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Friday, 9 September 2016

Digitisations and Restorations (5) - News from the National Film & Sound Archive

Michael Loebenstein, CEO of the National Film & Sound Archive writes:

Restorations are happening here too, on a smaller scale than in the US or in Europe but nevertheless.  In 2015 and 2016  "NFSA Restores" has delivered 2K (and some 4K) restorations of the following titles:

Howling III: The Marsupials (Phillipe Mora, 1987)
Starstruck (Gillian Armstrong, 1982)
Storm Boy (Henri Safran, 1976)
Bliss (Ray Lawrence, 1985)
Proof (Jocelyn Moorhouse, 1991)
The Odd Angry Shot (Tom Jeffrey, 1979)

These are proper restorations, from the best available components, for long-term digital migration undertaken in alignment with the practice FIAF recommends, and friends and peers like the Academy Film Archive or Cineteca di Bologna deliver.

Also completed, prior to us branding the program as "NFSA Restores" were Gallipoli (Peter Weir, 1982), Newsfront (Philip Noyce, 1978),and Wrong Side of the Road (Ned Lander, 1981).

We currently have around 10 films in the production pipeline for 2016/17, including full photochemical and digital restorations of three Snowy Baker silents (from original nitrate).

Outside this program NFSA has digitally remastered, and in some cases reconstructed a number of titles, most notably:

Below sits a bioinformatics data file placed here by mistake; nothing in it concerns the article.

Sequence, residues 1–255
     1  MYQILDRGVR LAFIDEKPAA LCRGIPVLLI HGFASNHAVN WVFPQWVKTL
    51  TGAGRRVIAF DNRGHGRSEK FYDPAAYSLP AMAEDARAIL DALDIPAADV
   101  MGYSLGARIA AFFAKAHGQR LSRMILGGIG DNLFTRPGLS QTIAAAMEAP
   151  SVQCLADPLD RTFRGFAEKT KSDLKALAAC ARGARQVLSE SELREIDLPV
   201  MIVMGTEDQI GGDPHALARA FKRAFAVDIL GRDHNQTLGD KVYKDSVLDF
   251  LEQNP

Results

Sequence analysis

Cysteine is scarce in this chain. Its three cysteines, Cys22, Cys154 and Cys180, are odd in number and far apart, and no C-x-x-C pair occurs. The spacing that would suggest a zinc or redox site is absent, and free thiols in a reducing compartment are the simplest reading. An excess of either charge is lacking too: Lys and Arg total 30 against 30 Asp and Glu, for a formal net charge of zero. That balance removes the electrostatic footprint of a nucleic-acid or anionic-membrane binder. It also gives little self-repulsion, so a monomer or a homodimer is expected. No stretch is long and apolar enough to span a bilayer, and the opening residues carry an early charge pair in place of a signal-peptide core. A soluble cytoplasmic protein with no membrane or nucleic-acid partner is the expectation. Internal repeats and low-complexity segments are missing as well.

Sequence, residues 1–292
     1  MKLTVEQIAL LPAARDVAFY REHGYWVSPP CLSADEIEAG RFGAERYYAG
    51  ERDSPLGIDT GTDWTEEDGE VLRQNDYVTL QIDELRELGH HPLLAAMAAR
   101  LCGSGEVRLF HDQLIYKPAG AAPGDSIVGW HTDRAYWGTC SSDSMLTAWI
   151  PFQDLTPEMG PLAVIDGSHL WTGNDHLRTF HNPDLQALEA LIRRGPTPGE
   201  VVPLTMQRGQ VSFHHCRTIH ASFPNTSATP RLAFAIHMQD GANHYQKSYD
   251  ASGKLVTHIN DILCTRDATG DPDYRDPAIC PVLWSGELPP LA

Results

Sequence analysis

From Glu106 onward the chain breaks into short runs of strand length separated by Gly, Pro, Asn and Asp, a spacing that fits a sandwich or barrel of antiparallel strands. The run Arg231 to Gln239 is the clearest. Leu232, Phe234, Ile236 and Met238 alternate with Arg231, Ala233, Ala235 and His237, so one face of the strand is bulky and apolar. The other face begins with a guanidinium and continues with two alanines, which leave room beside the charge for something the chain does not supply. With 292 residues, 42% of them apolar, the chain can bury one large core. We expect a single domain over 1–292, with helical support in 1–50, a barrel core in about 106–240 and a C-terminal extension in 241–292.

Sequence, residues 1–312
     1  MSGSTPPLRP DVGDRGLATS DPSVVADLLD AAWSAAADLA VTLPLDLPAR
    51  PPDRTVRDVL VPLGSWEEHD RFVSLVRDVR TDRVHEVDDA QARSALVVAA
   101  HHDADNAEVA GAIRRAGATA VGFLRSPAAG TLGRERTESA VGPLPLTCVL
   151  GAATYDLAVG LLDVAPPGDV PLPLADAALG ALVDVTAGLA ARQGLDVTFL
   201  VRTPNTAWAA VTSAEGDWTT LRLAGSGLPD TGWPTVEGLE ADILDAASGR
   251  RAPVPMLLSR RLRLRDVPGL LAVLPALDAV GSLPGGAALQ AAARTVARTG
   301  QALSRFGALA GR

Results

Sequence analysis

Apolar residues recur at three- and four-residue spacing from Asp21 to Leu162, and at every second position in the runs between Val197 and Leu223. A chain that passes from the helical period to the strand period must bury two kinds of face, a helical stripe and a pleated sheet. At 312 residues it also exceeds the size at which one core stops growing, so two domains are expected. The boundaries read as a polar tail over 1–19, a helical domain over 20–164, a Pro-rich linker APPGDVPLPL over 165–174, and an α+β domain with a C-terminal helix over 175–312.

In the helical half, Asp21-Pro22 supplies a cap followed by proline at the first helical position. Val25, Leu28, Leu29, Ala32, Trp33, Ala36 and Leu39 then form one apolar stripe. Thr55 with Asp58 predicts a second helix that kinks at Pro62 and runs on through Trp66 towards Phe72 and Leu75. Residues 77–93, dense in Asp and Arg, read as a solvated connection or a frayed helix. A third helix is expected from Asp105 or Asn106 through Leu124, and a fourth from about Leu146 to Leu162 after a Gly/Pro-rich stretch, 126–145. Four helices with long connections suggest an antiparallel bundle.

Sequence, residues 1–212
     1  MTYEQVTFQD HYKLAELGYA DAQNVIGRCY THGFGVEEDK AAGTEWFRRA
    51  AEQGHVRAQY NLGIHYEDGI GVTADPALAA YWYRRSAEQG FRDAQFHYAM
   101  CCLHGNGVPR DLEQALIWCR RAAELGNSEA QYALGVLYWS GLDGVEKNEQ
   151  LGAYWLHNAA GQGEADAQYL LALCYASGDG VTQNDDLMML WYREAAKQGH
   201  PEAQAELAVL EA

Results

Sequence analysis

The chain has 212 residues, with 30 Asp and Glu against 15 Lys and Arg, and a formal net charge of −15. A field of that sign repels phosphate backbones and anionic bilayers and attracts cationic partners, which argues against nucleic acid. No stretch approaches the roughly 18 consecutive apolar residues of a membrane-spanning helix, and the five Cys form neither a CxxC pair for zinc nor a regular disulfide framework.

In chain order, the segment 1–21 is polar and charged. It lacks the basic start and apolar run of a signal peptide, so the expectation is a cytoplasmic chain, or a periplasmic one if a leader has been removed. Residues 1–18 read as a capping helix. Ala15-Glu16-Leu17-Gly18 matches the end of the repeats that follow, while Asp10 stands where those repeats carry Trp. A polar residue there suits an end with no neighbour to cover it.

Ireland Will Be Free (Bert Cross, 1920),
Featuring a new score and in 2K, presented in Melbourne, Canberra, and Dublin

They Used to Call It Sandy Blight (1977)
Scanned from original A/B rolls, in cooperation with the Fred Hollows Foundation.
Available at Youtube

Million Dollar Gamblers (Roger Whittaker 1982)
Restored from original 16mm components

Smithy (Ken G Hall 1946)
Scanned and remastered in 4K
Theatrical and Blu-ray/DVD


The NFSA still operates a b&w film lab but has significantly upped its capacity for digital work ranging from 2K resolution for-access files to full-blown restorations.

Editor's Note: Time for our adventurous cinema proprietors to begin an Annual Event and showcase everything together. As it is, various films play one or perhaps a couple of film festivals and then that's it. The festivals are of course reluctant to put stuff in that has already been somewhere else. That has made it 'old'. Ridiculous but there you are.

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